Don’t Call Me Haredi

by | Jul 12, 2013 | Other News

My parents raised me and my six siblings in Norfolk, Va., in essence, as the only “Haredi” kids in our day-school classes. As the “ultra-orthodox” kids who kept strict kosher, never drove on Shabbat, and who were wildly different from (and significantly shorter than!) the others. But yet, we were welcomed by our peers because we welcomed them.

We were (and my parents still are) the Chabad representatives in Southeastern Virginia.

Today, I am, to the best of my ability, an observant Jew. I am a Chabadnik. I am a Hassidic Jew. I love every Jew. They are my “mishpoche”—my family.

I wish every Jew would be observant but at the same time strongly believe in the right and ability of every Jew to choose his or her own way. I believe that is the Jewish way. I believe this is the [true] Haredi way.

This is the fashion in which we were raised. To love everyone, unconditionally.

To love does not always mean to agree and today I have a strong disagreement.

Call me an orthodox Jew if you will (though I believe labels distance us as a people). Call me a Chabadnik (I welcome it). Call me Hassidic.

Don’t call me Haredi.

Don’t call me Haredi because today I am embarrassed by [a small group of] my brothers—and sisters—the “ultra orthodox” community in Israel, the Holy Land. Today, I do not wish to be associated with that Haredi community.

Agree with Women of the Wall or not, reports of Haredi women physically attacking members of the controversial group at the Western Wall on Monday drew bad feelings in my heart. At the Kotel, a venue they clearly hold in reverence, they chose to assault other Jews.

Tuesday, as a uniformed IDF soldier —a hero in my eyes—walked through Mea Shearim, a Haredi neighborhood in Jerusalem, he was attacked by a mob of Haredi youth as he tried to make his way along the road. There were eggs hurled in his direction and fists thrust at his body. The thought of a Jewish, Israeli hero, putting himself forward to allow us all to live here, being accosted literally angered me.

I understand their agitation and uncertainty surrounding government discussion regarding drafting Haredi men to the army and their quickly changing status in Israel’s society but, my friends, this is not the Jewish way. This is certainly not the Hassidic way and this is most definitely not the Haredi way.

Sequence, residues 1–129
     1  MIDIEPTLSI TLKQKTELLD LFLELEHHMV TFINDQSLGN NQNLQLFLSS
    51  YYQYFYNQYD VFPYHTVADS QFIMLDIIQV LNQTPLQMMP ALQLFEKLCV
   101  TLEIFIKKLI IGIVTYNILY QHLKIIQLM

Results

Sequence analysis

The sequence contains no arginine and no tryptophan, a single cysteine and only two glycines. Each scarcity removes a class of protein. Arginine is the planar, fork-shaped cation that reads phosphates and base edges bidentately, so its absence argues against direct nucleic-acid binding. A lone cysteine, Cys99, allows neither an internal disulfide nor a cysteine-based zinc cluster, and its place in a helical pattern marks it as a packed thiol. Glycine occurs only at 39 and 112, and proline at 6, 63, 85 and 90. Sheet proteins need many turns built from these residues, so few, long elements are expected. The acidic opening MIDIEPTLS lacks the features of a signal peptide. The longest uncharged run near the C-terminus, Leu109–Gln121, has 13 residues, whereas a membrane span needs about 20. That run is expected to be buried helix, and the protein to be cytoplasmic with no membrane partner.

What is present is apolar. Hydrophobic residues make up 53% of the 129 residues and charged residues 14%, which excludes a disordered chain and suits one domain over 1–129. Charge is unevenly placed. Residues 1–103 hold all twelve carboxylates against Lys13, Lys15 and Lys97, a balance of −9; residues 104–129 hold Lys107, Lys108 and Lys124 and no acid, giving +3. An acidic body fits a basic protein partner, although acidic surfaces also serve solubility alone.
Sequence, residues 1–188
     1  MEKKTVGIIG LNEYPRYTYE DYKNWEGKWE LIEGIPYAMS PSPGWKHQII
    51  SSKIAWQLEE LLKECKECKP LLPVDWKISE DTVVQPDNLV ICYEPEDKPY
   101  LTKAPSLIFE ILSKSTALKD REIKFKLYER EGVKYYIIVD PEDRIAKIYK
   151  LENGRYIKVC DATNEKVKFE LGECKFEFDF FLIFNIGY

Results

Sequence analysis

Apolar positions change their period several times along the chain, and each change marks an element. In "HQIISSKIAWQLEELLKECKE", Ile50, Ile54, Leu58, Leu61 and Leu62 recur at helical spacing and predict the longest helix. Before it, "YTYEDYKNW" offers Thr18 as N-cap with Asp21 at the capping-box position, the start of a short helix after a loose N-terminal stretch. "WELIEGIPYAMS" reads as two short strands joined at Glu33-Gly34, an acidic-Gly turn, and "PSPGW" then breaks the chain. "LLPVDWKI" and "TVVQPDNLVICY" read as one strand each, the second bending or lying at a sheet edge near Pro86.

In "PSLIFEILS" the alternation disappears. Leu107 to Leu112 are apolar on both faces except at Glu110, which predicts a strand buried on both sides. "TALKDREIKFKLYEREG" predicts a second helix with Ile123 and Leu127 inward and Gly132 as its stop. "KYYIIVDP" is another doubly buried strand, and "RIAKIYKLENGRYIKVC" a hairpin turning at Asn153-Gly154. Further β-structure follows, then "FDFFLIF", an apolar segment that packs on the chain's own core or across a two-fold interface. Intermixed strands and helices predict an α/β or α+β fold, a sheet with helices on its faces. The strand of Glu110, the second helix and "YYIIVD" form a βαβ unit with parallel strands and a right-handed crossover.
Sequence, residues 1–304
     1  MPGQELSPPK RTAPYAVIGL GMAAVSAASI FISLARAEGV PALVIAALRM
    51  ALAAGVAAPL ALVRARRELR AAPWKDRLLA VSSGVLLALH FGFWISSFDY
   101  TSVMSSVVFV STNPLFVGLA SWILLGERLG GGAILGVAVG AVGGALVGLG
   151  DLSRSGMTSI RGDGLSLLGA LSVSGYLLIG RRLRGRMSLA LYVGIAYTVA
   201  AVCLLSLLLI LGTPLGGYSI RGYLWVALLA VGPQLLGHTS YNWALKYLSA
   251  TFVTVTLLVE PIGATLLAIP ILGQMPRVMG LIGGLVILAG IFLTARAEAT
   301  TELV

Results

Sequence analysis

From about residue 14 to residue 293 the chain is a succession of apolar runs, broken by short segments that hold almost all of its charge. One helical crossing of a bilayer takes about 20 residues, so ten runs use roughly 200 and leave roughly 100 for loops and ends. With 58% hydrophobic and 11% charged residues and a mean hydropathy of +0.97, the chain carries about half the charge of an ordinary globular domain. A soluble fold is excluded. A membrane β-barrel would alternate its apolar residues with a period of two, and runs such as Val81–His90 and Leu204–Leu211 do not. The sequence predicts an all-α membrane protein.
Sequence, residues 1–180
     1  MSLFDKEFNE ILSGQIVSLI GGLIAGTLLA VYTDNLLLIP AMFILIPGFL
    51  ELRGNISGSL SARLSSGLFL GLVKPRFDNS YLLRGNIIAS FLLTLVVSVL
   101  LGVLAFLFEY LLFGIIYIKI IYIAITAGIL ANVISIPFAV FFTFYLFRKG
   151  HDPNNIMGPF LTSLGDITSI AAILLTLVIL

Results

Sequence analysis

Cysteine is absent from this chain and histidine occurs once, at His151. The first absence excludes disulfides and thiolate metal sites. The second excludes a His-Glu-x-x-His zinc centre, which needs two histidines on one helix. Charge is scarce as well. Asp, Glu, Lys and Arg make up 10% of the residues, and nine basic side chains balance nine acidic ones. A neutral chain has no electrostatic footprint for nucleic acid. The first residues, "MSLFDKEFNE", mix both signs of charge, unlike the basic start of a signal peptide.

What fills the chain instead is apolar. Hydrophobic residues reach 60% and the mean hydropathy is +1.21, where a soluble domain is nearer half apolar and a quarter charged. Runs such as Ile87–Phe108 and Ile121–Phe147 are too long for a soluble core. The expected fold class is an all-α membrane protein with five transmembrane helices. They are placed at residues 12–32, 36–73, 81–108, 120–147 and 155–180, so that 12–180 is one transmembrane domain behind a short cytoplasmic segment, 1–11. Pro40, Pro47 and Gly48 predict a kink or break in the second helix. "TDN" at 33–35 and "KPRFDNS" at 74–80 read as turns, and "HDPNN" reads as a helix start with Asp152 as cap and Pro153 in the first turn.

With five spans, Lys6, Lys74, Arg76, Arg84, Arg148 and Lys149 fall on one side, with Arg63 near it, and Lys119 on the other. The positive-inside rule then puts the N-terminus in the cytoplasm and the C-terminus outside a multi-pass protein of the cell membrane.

Today we find ourselves in the “nine days” period. These are nine days of symbolic mourning to commemorate the destruction of the “Beit HaMikdash” (the Holy Temple) in Jerusalem centuries ago. Jewish history teaches us that “sinat chinam” (hatred of others) is to be credited for the Temple’s destruction.

During the nine days, I would expect tolerance and love to take the front page, not G-d forbid, the unfortunate opposite.

I would love to be called a Haredi. A true Haredi that is. A Haredi associated with love. A Haredi that is involved with the large scale “Bikur Cholim” societies that care for the ill. The Haredis that care for every jew and perform unlimited, unmatched “chessed” (acts of kindness). The Haredis that are time and again responsible for countless scenarios of “Kiddush Hashem.”

Not the [small, but unfortunately very loud group of] Haredis that are in the news today. Take a moment, consider what a Haredi truly is. Haredi means “one who trembles” and is in the context of someone who trembles or is in fear before G-d.

Would a true Haredi dare do G-d’s job by judging his subjects?

A true Haredi would love each Jew unconditionally. A true Haredi would pray for those he believes are in the wrong to find truth (as I find myself doing for the Haredi community tonight). A true Haredi would never lift a finger on another Jew, another of G-d’s chosen people.

I call upon all Haredi leadership to speak out against violence and support love of the Jewish people as the true alternative. In the spirit of “Ahavat Yisrael” and Jewish unity—especially in these nine days—it is crucial that we set aside our quibbles and stand together as one.

We may have differences, but we are one. The Jewish people.

I strive for the day when all Haredism will return to their roots.

I will then be proud to be called Haredi.

—Levi Margolin lives in Jerusalem, is director of marketing and social media at Taglit-Birthright Israel: MAYANOT.

This piece was originally published by The Times of Israel on July 10, 2013. Margolin may be reached at

by Levi Margolin